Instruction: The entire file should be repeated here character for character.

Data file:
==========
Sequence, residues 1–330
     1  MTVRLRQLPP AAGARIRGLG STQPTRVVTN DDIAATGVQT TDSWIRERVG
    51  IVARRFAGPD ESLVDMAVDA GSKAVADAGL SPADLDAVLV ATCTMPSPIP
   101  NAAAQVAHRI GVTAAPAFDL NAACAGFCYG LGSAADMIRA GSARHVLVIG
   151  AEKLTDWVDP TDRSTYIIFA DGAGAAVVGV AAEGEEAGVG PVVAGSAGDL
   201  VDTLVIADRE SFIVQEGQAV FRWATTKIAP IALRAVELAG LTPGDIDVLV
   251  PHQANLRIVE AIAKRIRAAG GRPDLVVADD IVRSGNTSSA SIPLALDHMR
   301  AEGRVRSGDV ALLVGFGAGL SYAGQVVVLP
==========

Sequence, residues 1–330
     1  MTVRLRQLPP AAGARIRGLG STQPTRVVTN DDIAATGVQT TDSWIRERVG
    51  IVARRFAGPD ESLVDMAVDA GSKAVADAGL SPADLDAVLV ATCTMPSPIP
   101  NAAAQVAHRI GVTAAPAFDL NAACAGFCYG LGSAADMIRA GSARHVLVIG
   151  AEKLTDWVDP TDRSTYIIFA DGAGAAVVGV AAEGEEAGVG PVVAGSAGDL
   201  VDTLVIADRE SFIVQEGQAV FRWATTKIAP IALRAVELAG LTPGDIDVLV
   251  PHQANLRIVE AIAKRIRAAG GRPDLVVADD IVRSGNTSSA SIPLALDHMR
   301  AEGRVRSGDV ALLVGFGAGL SYAGQVVVLP